Tag Archives: grace

Marriage, RCIA, Evangelisation


There can seem to be a harsh, difficult-to-bridge chasm, sometimes, between the beautiful standard of life in Christ, and the messiness of the lived reality of many (well, if we’re honest, every single one of us). When I used to coordinate RCIA in my old parish, I realised why young adult ministry was SO vitally important: how important it is to evangelise young adults before they get involved in messy marriages that could cause them massive problems if they convert later down the line…

People arrive at RCIA with countless different attitudes. They often approach the Church tentatively, wondering if there is something here for them, some new life, new relationship that could give their life meaning. Their enthusiasm may increase during the precatechumenate. Perhaps they arrive already enthusiastic, happy to be part of a strong community, and wanting to understand what’s at the root of all this.

But, then, BAM! Your heart sinks as you look on their form and see that either they or their partner has ticked the, ‘This is not my first marriage’ box. What an innocent-looking box. Little do most people know what it means when they tick it.

The first thing is – at least there’s a form with this particular box on it. We had an extremely thorough form that people completed after a couple of enquiry (precatechumenate) sessions. I’ve heard of some cases where these questions are not even asked. It’s vital we uncover any problems early on (no – not when they’re being signed up for the Rite of Election).

I think it’s good practice that someone should not leave the precatechumenate if they are in an ‘irregular marriage’ which, as someone commented to me recently, is often a euphemism for no marriage at all. After all, if they are unable to be received into the communion of the Church because of their marital status, we are deceiving them by allowing them to become a catechumen (through the Rite of Acceptance) or a candidate (through the Rite of Welcoming).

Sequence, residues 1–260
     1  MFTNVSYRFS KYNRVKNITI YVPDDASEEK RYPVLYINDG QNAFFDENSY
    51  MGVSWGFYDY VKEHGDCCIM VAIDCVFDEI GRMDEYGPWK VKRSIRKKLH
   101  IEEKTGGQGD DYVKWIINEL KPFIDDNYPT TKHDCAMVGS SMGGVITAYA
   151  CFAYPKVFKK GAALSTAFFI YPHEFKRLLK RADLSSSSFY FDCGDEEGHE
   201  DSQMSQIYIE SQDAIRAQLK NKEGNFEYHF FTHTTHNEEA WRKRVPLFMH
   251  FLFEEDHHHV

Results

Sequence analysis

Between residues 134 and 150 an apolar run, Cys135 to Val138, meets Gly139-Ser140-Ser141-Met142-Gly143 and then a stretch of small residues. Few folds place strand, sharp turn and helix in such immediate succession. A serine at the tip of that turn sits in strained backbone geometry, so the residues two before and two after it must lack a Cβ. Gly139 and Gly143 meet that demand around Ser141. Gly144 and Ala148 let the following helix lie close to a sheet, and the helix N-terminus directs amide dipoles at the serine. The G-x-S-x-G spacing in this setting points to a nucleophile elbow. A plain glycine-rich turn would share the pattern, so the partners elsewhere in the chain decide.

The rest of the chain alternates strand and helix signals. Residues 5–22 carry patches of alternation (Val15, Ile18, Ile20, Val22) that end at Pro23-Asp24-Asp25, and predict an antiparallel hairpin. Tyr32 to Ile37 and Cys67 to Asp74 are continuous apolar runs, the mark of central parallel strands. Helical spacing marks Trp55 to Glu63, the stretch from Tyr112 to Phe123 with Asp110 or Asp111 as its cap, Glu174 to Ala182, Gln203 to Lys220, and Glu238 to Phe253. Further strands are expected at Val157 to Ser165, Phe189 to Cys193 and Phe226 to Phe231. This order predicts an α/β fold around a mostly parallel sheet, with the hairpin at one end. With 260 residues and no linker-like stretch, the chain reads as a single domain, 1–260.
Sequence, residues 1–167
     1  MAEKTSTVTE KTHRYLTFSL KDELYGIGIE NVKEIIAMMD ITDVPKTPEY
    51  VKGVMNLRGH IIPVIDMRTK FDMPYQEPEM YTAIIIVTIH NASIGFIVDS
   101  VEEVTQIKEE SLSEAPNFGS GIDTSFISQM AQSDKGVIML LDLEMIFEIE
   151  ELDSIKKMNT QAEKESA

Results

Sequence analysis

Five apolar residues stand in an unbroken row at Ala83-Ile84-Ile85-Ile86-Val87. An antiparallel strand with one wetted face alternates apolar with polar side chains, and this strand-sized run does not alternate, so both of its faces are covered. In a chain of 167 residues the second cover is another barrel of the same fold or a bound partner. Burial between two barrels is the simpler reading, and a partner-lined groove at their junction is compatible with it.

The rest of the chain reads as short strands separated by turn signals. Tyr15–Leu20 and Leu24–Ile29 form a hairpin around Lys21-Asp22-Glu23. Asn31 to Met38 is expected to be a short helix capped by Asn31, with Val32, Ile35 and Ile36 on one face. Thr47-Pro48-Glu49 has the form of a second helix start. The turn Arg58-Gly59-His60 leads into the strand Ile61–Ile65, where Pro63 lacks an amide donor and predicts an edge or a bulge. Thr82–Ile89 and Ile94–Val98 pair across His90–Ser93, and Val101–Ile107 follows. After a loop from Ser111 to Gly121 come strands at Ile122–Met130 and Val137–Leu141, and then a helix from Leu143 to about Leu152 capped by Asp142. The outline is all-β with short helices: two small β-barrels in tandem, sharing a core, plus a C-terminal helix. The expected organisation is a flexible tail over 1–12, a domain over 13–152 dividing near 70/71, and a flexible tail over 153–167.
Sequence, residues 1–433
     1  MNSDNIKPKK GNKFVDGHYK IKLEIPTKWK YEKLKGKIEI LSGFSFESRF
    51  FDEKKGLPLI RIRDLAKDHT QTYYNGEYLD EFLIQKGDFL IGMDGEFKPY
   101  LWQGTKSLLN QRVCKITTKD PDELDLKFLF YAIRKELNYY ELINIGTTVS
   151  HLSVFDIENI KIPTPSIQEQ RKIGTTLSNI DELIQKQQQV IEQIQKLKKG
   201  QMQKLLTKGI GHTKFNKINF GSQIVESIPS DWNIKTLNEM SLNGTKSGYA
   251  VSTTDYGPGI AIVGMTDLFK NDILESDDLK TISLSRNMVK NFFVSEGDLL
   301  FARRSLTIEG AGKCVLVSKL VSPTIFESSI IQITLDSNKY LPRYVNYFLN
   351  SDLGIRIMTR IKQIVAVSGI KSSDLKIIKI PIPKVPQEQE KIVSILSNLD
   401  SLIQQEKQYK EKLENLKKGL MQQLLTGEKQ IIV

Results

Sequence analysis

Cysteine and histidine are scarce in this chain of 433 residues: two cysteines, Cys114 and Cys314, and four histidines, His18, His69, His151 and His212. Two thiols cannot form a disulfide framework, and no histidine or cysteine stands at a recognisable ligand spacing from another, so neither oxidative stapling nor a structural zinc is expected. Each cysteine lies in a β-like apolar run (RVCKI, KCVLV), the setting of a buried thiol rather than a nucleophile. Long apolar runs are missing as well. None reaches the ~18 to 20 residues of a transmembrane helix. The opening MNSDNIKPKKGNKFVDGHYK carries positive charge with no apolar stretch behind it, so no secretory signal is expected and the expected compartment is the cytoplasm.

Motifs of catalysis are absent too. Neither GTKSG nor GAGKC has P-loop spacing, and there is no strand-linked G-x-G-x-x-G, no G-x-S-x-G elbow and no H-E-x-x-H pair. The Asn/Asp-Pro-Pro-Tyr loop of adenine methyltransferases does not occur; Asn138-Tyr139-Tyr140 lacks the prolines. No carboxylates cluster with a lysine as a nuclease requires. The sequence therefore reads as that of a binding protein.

As I write this, it all seems unbearably hard, doesn’t it? Someone whose faith is only just beginning to awaken or grow, suddenly has an enormous obstacle in their path, an obstacle that their faith is probably not strong enough yet to take on. It seems much, much easier, doesn’t it, just to let them continue, not mention anything, and hope that something will happen to make it go away. Which of course it won’t.

I had some experiences of this during the time I coordinated RCIA. Wonderful people who had either been married before, or whose partners had been. I can tell you, that when a situation seems impossible and desperate – when it seems a person cannot enter the Church because of their marital situation even though they dearly desire to – this is when the Holy Spirit can amaze us and work miracles, slowly, patiently, in hearts. It can, and often does, take years. But with grace, love, patience, sacrifice, often situations can be turned around. This seems light-years away when we first broach the issue with someone. It can feel like their whole world has just smashed into an ‘other-worldly’ reality. They have just dipped their toes into it, and yet already it is presenting them with granite-tough obstacles.

It is massively difficult, maybe one of the most difficult pastoral problems you can face in a parish. In the face of it, only grace and prayer can break through. Faith that the enquirer will not have yet, so we need to provide that for them, through friendship and persistence in keeping in touch when they drop off for a time.

There is so much to discuss on this topic – and it’s particularly relevant given the Extraordinary Synod later this year. Ultimately, the messiness of the world we live in requires of us immensely strong faith. It seems to me, we need continually to face up to two things – the chaotic messiness of the world, and the incomparable beauty of life offered in Christ – and realise that a lot of faith, prayer, work and sacrifice needs to take place in order to cross from one into the other.

How are we transformed in Christ?